Piston 28 serves as the primary driving element for applying a force through links 48 to fingers 40. As the piston moves downwardly, it causes the links 48 to rotate the fingers 40 about pivots 42, the left-hand link in FIG. 1 being rotated in the clockwise direction about its pivot, while the right hand link is rotated in a counterclockwise direction about its pivot. Accordingly, the remote end of the fingers (that is, the end remote from the links 48) open to move against the inner walls of a part 70 and firmly grasp it as shown in FIG. 3.

When the piston 28 moves downwardly, it carries with it rod 54 and magnet 56. As the latter advances towards the sensor element 58, it creates a magnetic field of increasing strength at the sensing element. The strength of the magnet 56, and its physical position vis-a-vis the element 58, are so proportioned that the element 58 provides an output signal of defined value at, or just before, the time that the fingers 40 have been rotated to the position shown in FIG. 3. This unambiguously indicates that the arms have reached the desired position, and that the sensor is operating properly.

From the foregoing, it will be seen that a sensor in accordance with the present invention provides a reliable indication of the achievement of a desired closure state by the sensor without requiring unusual provisions to otherwise increase the mechanical reliability of the gripper. The sensor is simple and rugged in construction, and economical to utilize in a variety of grippers and thereby extends their range of operation to applications in which more expensive grippers might otherwise be required.

It will be understood by those skilled in the art that various changes may be made in the physical embodiment described herein without departing from the spirit or the scope of the invention. Accordingly, it is intended that the foregoing be taken as illustrative only, and not in a limited sense, the scope of the invention being defined with particularity in the claims.

Patent Citations
Cited PatentFiling datePublication dateApplicantTitle
US3843187 *Mar 9, 1973Oct 22, 1974Usm CorpDemi-disconnectable finger
US4509783 *Dec 29, 1982Apr 9, 1985Ionescu Alexandru DGripper
US4541771 *Mar 31, 1983Sep 17, 1985At&T Bell LaboratoriesRobot having magnetic proximity sensor and manufacturing method using same
SU925624A1 * Title not available
Referenced by
Citing PatentFiling datePublication dateApplicantTitle
US5201838 *May 20, 1992Apr 13, 1993Philippe RoudautPosition indicator for a piston controlled robot part
US5226779 *Jan 13, 1992Jul 13, 1993Storage Technology CorporationFinger gripper mechanism for robotic magnetic tape cartridge handling system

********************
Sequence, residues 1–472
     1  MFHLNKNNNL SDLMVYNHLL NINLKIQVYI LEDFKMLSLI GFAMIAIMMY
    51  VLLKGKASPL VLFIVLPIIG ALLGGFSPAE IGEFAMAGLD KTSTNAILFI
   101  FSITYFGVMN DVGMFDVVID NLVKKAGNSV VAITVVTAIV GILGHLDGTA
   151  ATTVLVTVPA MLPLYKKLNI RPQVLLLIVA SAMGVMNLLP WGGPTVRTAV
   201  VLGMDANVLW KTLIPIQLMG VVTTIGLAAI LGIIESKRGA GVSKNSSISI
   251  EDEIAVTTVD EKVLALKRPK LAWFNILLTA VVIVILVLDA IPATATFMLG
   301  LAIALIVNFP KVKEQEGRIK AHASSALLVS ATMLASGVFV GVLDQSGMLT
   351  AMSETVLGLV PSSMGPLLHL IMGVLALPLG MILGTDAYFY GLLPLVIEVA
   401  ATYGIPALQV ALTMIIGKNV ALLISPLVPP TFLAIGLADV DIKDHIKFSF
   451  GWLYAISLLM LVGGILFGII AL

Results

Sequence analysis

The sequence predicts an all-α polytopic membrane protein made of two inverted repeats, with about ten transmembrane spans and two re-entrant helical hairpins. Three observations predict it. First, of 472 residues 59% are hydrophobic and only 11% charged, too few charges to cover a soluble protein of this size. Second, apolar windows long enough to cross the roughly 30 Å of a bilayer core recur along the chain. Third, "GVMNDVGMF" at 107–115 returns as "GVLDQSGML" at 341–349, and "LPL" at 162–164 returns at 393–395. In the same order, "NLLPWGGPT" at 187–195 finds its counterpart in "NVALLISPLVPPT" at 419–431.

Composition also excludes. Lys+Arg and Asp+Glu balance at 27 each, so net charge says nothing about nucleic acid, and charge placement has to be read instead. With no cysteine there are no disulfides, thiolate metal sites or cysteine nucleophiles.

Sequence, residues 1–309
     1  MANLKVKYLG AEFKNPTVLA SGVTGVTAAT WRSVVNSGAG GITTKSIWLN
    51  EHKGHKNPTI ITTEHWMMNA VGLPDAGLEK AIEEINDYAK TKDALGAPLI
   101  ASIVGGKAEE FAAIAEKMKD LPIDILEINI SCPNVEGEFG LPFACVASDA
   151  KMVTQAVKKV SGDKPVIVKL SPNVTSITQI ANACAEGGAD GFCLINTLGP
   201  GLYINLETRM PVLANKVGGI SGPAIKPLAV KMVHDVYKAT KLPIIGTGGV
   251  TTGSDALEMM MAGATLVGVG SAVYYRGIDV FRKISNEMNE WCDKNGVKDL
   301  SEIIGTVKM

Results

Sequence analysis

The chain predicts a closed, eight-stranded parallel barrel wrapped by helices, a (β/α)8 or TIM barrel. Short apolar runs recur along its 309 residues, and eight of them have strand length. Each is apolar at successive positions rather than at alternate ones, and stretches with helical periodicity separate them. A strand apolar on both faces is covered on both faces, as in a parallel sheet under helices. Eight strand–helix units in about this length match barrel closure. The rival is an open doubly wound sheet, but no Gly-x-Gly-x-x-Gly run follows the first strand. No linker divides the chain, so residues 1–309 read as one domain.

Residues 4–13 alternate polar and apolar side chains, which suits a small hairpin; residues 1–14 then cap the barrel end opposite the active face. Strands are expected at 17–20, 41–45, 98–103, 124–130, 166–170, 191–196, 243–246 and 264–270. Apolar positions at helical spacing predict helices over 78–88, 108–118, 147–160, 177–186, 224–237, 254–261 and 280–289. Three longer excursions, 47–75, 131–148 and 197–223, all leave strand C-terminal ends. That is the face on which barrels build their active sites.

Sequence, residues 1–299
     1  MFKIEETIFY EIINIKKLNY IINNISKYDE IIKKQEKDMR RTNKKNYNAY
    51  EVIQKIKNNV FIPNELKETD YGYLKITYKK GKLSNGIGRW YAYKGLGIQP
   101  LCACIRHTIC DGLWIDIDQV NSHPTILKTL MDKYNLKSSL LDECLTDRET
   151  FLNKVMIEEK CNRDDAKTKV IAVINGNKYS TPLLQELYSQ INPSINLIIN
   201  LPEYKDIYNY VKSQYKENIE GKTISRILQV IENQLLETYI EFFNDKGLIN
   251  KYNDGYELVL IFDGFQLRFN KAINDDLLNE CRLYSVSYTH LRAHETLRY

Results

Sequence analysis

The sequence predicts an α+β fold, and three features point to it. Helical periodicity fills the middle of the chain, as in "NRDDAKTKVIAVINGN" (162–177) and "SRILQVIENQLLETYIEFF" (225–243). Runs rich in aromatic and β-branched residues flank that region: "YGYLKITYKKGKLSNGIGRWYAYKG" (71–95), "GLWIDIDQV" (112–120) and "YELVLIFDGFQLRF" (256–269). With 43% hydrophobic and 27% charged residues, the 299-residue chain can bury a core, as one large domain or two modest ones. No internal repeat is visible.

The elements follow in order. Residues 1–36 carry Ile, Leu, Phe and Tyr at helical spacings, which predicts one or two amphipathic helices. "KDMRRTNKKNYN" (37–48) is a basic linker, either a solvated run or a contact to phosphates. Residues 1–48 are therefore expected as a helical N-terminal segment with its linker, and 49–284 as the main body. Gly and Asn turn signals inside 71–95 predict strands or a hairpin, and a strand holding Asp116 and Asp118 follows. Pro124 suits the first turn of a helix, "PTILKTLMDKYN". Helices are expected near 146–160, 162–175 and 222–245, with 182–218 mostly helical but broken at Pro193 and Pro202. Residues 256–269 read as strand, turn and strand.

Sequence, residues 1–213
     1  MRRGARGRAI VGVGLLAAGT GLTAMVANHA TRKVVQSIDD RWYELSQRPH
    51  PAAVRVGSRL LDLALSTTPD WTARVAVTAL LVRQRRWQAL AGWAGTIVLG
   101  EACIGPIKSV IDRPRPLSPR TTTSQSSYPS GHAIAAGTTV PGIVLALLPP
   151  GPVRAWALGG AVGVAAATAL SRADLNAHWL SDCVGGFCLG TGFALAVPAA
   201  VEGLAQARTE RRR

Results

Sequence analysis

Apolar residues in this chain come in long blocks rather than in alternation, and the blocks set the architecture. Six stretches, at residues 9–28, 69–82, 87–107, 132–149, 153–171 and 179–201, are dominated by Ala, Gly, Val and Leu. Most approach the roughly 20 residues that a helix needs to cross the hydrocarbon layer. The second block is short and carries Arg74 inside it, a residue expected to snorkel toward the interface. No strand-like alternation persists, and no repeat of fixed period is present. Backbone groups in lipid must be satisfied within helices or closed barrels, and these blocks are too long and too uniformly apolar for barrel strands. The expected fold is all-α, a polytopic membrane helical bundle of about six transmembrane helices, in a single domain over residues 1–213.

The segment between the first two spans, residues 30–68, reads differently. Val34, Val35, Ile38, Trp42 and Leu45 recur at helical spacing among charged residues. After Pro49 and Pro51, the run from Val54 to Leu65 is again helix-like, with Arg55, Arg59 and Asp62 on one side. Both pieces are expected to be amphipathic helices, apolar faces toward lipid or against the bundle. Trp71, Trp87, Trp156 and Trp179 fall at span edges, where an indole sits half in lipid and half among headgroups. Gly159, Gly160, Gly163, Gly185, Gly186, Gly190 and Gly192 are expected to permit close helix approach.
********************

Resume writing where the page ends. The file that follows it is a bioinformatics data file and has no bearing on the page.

US5383697 *Sep 16, 1992Jan 24, 1995Roudaut; PhilippePneumatic pincers
US5487579 *Aug 26, 1993Jan 30, 1996Exabyte CorporationPicker mechanism for data cartridges
US5673367 *Sep 15, 1994Sep 30, 1997Buckley; Theresa M.Method for neural network control of motion using real-time environmental feedback
US5691859 *Dec 19, 1995Nov 25, 1997Exabyte CorporationDrive with features which adjust and actuate cartridge transport and library with such drive
US5768047 *Dec 19, 1995Jun 16, 1998Exabyte CorporationCartridge library with duel-sided rotatable spit having latch member extending through aperture in circular toothed end wall
US6065789 *Oct 15, 1998May 23, 2000Smc Kabushiki KaishaSuction apparatus
US6276733Jun 30, 1999Aug 21, 2001Phd, Inc.Jaw tips and jaw tip assemblies for parts grippers
US6302462Jan 18, 2001Oct 16, 2001Phd, Inc.Jaw tips and jaw tip assemblies for parts grippers
US6530616 *Jun 6, 2001Mar 11, 2003Phd, Inc.Continuity switch for parts grippers
US6545465 *Jun 14, 2000Apr 8, 2003Syron Engineering & Manufacturing CorporationGripper with coiled sensor wire
US6786692 *Mar 21, 2002Sep 7, 2004Santoni S.P.A.Method and apparatus for automatic pick up of hosiery articles from a container
US7922226 *Jul 10, 2006Apr 12, 2011Goss International Americas, Inc.Compensating gripper with independent gripper adjustment
US8182010 *Nov 20, 2009May 22, 2012Samsung Electronics Co., Ltd.Robot hand and humanoid robot having the same
US8267451Dec 4, 2006Sep 18, 2012INPECO IP, Ltd.Container gripper provided with a position sensor
US20120286531 *May 11, 2012Nov 15, 2012Leica Biosystems Nussloch GmbhGripper device for transporting racks
DE4412557A1 *Apr 11, 1994Oct 19, 1995Mannesmann AgSchaltgerät für Handbetätigung und die Umwandlung eines Betätigungsweges in ein elektrisches Signal
DE4412557C3 *Apr 11, 1994Jun 13, 2001Mannesmann AgSchaltgerät für Handbetätigung und die Umwandlung eines Betätigungsweges in ein elektrisches Signal
EP0417024A1 *Sep 4, 1990Mar 13, 1991Philippe Robert Louis RoudautPiston-cylinder assembly containing means for determination and acknowledgement of the piston position
EP0446609A2 *Feb 7, 1991Sep 18, 1991Tadao TozukaRobot finger structure
WO2004004985A1 *Jun 28, 2002Jan 15, 2004Josef LebschiGripper comprising two pivotable grip arms having different leverages
WO2008067846A1 *Dec 4, 2006Jun 12, 2008Dachi S R LContainer gripper provided with a position sensor
Classifications
U.S. Classification294/86.4, 294/907, 294/106, 901/35, 294/206
International ClassificationB25J19/02, B25J15/02, B65G47/90
Cooperative ClassificationY10S294/907, B25J15/022, B25J19/027, B65G47/90
European ClassificationB25J19/02E, B65G47/90, B25J15/02A2
Legal Events
DateCodeEventDescription
May 19, 1992FPExpired due to failure to pay maintenance fee
Effective date: 19920315
Mar 15, 1992LAPSLapse for failure to pay maintenance fees
Oct 15, 1991REMIMaintenance fee reminder mailed